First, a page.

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The Creative Corridor: A Main Street Revitalization for Little Rock

University of Arkansas Community Design Center; Marlon Blackwell Architect

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dmadsenweaetxdyvaydzcwq, hanley wood, llc

Project Name

The Creative Corridor: A Main Street Revitalization for Little Rock

Project Status

Concept Proposal


City of Little Rock Arkansas


  • National Endowment for the Arts

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Project Description


The Creative Corridor project reclaims a four-block segment of a neglected Main Street. Rather than relying on Main Street’s traditional retail base, this project relies on the arts to catalyze economic development. The Creative Corridor would create a mixed-use environment sensitive to the historical context.

The plan addresses Main Street’s reputation as an unsafe place, particularly after work hours. The project reintroduces the traditional social functions of streets (gathering, assembly, recreation, aesthetics), which for a long time had been subordinated to traffic needs.

The project proposes a three-phase incremental approach. First the plan proposes creating gateways, or urban “rooms” to calm traffic and mark transitions into the Corridor. The next step is developing a center, or demarcating the most important intersection in Little Rock with a plaza. To create a memorable room in this space, the plan proposes an elevated lawn/amphitheater, a public transit stop, an arcade, a light garden, and public art. The third and final phase is linking phases one and two together by “thickening the edge,” which the plan defines as creating a pedestrian promenade and low-impact development infrastructure. Phases can be accomplished in succession, or simultaneously, as private investment and political will permit.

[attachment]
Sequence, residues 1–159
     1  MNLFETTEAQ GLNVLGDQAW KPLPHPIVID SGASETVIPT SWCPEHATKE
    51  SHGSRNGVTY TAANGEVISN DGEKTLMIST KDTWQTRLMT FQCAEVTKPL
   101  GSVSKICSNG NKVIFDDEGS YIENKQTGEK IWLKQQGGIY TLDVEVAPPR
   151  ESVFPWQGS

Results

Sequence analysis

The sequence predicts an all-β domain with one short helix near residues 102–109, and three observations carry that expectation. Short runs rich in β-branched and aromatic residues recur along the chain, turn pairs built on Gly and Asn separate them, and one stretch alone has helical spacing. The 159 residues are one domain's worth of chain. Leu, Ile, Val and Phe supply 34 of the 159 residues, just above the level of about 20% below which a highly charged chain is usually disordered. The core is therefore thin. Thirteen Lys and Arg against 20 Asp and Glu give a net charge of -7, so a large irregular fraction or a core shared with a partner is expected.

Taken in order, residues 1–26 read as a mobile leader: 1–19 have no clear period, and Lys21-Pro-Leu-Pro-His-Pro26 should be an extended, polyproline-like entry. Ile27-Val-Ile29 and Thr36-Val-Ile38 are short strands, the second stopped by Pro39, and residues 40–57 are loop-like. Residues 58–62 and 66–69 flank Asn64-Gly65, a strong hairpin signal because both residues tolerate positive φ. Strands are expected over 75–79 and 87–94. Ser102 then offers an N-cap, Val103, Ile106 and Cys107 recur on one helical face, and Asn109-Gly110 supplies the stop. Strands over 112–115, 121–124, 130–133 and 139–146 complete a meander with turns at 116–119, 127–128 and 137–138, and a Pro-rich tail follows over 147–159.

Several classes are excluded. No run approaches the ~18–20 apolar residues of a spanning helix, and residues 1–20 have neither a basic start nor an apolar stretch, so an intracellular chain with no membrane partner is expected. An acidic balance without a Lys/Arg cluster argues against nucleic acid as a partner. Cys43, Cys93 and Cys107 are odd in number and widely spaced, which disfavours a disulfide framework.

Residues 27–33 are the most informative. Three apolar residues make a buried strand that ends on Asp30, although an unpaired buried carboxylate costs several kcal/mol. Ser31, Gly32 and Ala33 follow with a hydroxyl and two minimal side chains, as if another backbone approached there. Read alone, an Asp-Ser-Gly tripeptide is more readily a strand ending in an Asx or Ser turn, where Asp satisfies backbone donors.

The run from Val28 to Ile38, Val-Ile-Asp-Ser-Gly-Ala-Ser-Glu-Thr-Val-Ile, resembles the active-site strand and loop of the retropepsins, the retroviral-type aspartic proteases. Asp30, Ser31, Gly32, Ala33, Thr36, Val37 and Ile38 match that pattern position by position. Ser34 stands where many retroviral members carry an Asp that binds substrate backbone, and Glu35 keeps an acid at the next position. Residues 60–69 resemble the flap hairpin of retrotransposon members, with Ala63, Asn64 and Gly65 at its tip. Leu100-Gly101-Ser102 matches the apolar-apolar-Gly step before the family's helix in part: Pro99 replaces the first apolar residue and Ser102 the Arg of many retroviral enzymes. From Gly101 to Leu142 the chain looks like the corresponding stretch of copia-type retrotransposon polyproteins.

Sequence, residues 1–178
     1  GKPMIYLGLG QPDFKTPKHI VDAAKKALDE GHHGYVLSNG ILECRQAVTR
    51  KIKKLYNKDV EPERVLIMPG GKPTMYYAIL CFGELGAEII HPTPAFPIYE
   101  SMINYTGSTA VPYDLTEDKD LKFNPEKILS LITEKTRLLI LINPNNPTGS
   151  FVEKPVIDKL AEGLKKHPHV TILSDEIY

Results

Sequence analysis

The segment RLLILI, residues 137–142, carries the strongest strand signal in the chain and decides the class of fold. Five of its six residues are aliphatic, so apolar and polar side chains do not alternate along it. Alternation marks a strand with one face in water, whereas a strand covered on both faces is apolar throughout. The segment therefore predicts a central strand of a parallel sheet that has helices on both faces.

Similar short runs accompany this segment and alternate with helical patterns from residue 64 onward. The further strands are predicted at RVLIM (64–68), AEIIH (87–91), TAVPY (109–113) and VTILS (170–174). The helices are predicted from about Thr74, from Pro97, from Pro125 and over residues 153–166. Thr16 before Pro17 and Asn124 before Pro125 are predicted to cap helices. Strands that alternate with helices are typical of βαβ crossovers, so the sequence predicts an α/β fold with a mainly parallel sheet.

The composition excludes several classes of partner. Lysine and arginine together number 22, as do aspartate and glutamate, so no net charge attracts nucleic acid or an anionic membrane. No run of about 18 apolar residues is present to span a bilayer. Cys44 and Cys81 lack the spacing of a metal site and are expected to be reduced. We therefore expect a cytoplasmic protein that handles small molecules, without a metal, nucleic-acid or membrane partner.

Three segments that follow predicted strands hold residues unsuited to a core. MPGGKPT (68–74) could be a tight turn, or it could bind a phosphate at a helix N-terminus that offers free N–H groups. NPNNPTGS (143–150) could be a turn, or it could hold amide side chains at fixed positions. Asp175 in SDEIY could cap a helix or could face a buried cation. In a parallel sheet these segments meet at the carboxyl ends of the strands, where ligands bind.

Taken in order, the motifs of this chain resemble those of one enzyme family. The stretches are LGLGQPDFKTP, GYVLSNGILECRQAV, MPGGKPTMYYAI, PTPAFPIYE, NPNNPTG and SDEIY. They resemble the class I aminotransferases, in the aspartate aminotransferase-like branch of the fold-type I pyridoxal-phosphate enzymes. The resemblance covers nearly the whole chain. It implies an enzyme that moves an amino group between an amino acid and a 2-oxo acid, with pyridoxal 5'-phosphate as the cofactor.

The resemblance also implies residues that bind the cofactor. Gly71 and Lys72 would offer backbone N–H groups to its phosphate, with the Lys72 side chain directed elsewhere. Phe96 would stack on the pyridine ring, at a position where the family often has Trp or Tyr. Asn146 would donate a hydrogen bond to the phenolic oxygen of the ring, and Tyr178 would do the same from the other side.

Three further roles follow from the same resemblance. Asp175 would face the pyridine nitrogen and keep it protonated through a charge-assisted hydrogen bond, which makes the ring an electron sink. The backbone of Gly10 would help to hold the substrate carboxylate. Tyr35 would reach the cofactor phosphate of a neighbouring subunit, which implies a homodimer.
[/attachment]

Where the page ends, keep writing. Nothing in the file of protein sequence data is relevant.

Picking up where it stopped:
Recognizing that setting architectural guidelines is not politically feasible, the plan proposes townscaping elements, such as arcades, marquees, and stormwater-management landscapes, to bridge street and building interiors. Townscaping strategies reconfigure the street as an illuminated work of public art responsive to user inputs. Also streetscapes are designed to deliver ecological services in addition to urban services. Based on the Creative Corridor plan, the U.S. Environmental Protection Agency committed $1.2 million to implement the plan’s low-impact development streetscapes. Aside from that, more than $160 million in building renovations are currently underway, including more than 200 dwelling units.

For more information on the 2014 AIA Honor Awards, please visit
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